Common Buttonbush (Cephalanthus occidentalis) Quick Facts:
Nectar plant to many butterflies including Swallowtails and Monarchs
Deciduous perennial shrub/small tree
Native to most of the US but not often found in Pacific Northwest
Hardy in USDA zones 4-10
Full sun to partial shade
White to pale pink floral balls bloom most of the summer
6-12 feet tall, with 4-8 feet spread
Reseeds and spreads from root runners
Found growing wild near ponds or streams
Butterflies on the Buttonbush
This native nectar source is loved by all things winged–Tiger Swallowtails, Black Swallowtails, Monarchs, Painted Ladies, Lorquin’s Admirals, and Skippers are just a few of the butterflies that love to belly up to the Buttonbush buffet. You’ll also want to look for hummingbirds and bees stopping by for a quick snack.
Featuring Fantastic Flowers
One-inch floral balls that range in color from white to pale pink waft an intensely sweet fragrance throughout the garden, and blooms can last for most of the summer–June to September.
The distinctive flowers, spheres spiked all over with prominent pistils, have been described as “pincushions” and “sputniks.” These glorious globes at last develop into clusters of rounded nutlets that are relished by birds–especially waterfowl. Mallard ducks are known to be especially fond of Buttonbush nuts.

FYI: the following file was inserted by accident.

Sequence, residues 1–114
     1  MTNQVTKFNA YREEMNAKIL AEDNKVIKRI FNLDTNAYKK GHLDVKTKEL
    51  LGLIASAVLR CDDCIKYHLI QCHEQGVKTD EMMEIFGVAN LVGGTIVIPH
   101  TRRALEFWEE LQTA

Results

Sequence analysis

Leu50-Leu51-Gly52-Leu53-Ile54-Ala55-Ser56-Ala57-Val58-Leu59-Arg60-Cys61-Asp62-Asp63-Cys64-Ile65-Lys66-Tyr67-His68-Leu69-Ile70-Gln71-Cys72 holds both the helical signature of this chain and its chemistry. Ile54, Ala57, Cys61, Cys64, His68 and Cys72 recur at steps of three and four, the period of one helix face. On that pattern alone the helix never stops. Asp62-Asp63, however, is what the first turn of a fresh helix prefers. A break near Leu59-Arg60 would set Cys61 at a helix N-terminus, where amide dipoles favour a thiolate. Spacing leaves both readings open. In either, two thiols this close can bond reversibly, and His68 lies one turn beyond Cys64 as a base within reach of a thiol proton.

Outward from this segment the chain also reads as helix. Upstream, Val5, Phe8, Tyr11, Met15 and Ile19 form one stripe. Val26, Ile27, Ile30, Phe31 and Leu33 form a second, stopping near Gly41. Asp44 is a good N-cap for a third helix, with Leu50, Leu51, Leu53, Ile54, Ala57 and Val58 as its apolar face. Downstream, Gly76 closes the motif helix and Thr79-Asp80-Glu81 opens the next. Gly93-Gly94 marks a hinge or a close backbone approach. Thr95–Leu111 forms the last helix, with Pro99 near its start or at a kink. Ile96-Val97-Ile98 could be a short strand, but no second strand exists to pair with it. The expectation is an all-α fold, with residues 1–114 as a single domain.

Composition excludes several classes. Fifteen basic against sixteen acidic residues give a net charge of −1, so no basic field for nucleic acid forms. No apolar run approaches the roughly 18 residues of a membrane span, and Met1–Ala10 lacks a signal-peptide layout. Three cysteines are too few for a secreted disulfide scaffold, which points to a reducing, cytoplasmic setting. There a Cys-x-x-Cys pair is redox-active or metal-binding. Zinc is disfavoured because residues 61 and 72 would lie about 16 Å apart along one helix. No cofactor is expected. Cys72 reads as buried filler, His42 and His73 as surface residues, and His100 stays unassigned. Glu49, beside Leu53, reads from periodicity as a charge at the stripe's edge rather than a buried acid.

This highly ornamental deciduous shrub or small tree (about 6-12 feet tall at maturity with a spread of 4-8 feet) sports glossy, dark green leaves that can turn yellow or streak with crimson before dropping in the winter.
How to Grow Cephalanthus occidentalis Plants
The Buttonbush likes water. Look for it growing wild near a pond or alongside a stream. It can thrive in a swamp or bog, and is a great aid in erosion control. The shrub is native to the lower 48 states, but spotty in the west and very sparse in the Pacific Northwest area.
It will thrive in a rich, peaty moist soil in full sun to part shade, but it will tolerate drier conditions if watered faithfully. Ours are in large pots that are watered every 1-2 days in the growing months. It can self-sow or spread from root runners, and fresh seeds can be planted without any special treatment. It is not considered invasive, however.
Buttonbush is hardy in zones 4-10. It appreciates a bit of light pruning in the early spring to keep growth compact and encourage prolific blooming.
Rush to Claim Your Buttonbush!
It’s a rare plant that has flowers this fragrant, long-lasting, and beautiful–and those blooms attract a bounty of butterflies! Plan a spot in your plot and order your Buttonbush today!